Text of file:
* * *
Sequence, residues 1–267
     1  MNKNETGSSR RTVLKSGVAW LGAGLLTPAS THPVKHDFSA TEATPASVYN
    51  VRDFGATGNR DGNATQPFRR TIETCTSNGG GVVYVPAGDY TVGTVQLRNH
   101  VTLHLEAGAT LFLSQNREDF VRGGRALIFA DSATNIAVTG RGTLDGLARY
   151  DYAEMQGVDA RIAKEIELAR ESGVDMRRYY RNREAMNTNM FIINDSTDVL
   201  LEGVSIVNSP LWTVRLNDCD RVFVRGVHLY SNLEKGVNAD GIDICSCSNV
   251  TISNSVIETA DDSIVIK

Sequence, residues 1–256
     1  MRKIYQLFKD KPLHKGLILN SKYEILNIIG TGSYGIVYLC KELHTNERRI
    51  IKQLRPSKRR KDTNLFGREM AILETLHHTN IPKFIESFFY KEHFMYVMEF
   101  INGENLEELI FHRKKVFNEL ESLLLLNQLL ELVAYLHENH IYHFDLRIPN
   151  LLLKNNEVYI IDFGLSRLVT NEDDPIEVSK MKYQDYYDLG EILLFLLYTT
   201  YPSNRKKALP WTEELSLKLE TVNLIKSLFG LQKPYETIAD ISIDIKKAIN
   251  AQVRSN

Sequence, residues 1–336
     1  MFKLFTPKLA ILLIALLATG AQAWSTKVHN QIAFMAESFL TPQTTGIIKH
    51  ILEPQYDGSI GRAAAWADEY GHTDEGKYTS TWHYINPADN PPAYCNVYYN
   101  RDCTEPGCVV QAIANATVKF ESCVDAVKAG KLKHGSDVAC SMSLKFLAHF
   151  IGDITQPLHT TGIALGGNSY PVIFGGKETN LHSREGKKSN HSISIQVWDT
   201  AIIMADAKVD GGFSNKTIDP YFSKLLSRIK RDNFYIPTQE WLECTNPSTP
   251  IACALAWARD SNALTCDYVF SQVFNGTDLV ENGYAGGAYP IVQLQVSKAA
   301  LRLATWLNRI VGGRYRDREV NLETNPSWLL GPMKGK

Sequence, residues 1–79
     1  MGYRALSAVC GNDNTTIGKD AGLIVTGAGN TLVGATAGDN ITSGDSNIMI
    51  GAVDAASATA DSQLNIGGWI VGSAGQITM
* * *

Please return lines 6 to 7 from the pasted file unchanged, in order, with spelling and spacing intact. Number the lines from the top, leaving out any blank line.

   201  LEGVSIVNSP LWTVRLNDCD RVFVRGVHLY SNLEKGVNAD GIDICSCSNV
   251  TISNSVIETA DDSIVIK